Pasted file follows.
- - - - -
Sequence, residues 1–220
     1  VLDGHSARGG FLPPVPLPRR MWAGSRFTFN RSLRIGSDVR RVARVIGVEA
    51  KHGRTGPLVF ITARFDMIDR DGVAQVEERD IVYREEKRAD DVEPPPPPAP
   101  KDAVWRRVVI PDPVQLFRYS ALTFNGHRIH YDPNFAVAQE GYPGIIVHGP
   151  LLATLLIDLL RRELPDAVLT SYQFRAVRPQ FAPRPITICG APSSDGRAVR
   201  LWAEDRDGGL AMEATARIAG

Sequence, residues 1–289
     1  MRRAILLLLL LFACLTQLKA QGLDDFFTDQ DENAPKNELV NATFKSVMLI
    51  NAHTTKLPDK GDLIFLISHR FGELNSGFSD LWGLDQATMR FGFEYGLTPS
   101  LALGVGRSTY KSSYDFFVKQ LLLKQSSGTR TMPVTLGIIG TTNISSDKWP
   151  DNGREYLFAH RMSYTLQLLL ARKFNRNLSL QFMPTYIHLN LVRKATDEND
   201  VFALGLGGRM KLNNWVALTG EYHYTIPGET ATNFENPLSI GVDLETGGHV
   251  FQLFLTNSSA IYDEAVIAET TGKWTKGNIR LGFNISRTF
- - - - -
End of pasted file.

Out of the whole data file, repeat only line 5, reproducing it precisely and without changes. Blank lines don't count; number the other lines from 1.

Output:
   151  LLATLLIDLL RRELPDAVLT SYQFRAVRPQ FAPRPITICG APSSDGRAVR